Disease Mongering or Medicalization

medicalizationThe medicalization of many social facets of our lives, multitasking pharmaceuticals and disease mongering are problems we should face head on.

The overlap between business ethics and medical ethics represent a moral minefield. Nowhere more so than in the domain of newly recognised and previously untreated disorders, syndromes and diseases, among them social anxiety disorder, non-physiological erectile dysfunction, aging, fibromyalgia, adult attention deficit hyperactivity disorder (ADHD), restless leg syndrome and female sexual dysfunction.

And for those who only read this far, my take away message is not to claim that such conditions are not real to those who suffer from them. Indeed, I actually suffer from irritable legs syndrome (as does my dad). It’s very real, very uncomfortable, and a real problem especially when it hits in a crowded and stuffy theatre with no option to take a hot bath or go for a jog to alleviate the unscratchable symptoms. Personally, I would love to have some way to make it stop when it gets bad and if that were a once a week pill, so be it.

Diagnoses can be very real and finding effective treatments certainly worthwhile, but it is the interests of patients that should be served and not purely those of pharma industry shareholders when a condition is medicalized.

Some observers have suggested that the process of medicalization, in which issues and problems have migrated into the scientific realm coincides with the demise of traditional values. They suggest that this migration may involve less of an improvement in understanding our biology and more of a change in social attitudes and terminology, with people suffering ambiguous symptoms and their advocates essentially feeding the beast.

This is sometimes no bad thing if it means previously unrecognised medical problems can be treated on the basis of scientific evidence rather than so-called received wisdom. However, medicalization is more often than not considered disease mongering. Writing in IJBGE, Geoffrey Poitras of the Simon Fraser University, in Vancouver, British Columbia, Canada, points out that there are two threads to the process of medicalization.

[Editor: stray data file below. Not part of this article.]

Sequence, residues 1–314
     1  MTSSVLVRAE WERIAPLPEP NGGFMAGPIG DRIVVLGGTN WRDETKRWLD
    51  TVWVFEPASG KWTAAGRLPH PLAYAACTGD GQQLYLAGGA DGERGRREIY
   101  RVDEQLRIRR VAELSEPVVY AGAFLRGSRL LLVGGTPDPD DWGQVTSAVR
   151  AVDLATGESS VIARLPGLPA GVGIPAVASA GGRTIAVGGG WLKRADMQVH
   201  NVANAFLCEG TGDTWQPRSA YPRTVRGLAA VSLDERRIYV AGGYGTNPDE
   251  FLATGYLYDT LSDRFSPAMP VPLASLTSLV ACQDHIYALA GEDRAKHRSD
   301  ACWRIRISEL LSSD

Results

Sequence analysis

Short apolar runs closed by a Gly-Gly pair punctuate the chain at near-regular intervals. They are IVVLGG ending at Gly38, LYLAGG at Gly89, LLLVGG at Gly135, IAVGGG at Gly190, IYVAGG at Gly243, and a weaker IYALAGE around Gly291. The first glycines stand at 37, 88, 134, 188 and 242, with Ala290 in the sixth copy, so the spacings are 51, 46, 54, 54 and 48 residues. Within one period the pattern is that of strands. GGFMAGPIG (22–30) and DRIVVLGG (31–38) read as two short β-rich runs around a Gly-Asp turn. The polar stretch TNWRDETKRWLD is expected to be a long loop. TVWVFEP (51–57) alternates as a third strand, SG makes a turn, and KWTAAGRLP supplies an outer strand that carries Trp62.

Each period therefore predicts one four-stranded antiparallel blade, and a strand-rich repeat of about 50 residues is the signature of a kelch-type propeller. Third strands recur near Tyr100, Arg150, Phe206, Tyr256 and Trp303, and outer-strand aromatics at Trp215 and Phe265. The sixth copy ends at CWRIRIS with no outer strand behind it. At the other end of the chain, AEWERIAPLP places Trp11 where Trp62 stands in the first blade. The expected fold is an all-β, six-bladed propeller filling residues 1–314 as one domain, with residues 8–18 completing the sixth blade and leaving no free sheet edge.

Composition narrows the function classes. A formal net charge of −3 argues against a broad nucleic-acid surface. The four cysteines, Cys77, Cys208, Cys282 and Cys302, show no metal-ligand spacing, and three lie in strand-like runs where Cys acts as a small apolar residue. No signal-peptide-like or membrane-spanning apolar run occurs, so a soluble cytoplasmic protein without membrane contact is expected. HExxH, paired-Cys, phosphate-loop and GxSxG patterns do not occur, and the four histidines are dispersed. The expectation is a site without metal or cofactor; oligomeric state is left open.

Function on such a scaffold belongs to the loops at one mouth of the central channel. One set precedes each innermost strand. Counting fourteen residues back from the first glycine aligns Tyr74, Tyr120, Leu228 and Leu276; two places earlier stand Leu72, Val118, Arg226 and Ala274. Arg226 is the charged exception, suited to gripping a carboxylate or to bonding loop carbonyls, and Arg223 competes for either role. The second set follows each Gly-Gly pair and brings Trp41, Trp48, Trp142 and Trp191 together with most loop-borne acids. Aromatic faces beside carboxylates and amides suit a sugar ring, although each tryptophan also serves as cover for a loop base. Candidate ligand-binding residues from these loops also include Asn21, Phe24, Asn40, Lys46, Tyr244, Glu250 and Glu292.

The first is social medicalization, which he describes as a form of social control in which individuals and their problems are taken into the fold of the medical establishment and can be manipulated. “One unexplored aspect of medicalization is associated with recreational drug use, from Valium to Viagra, threatening to ‘scientifically’ engineer various forms of drug addiction under the guise of medical treatment,” Poitras told Sciencebase.

The second thread is economic medicalization, the “transformation of the process for doing clinical trials into exercises that are motivated more as marketing vehicles than needed R&D.” This, he adds, is driven by the pharmaceutical companies and by the medical profession which benefits financially from the need to recruit patients into trials for fledgling disorders.

Another aspect of economic medicalization concerns the multitasking of drugs, more formally known as off-label prescription usage. Having gone through costly R&D, there is an economic incentive to find additional applications for any given approved drug.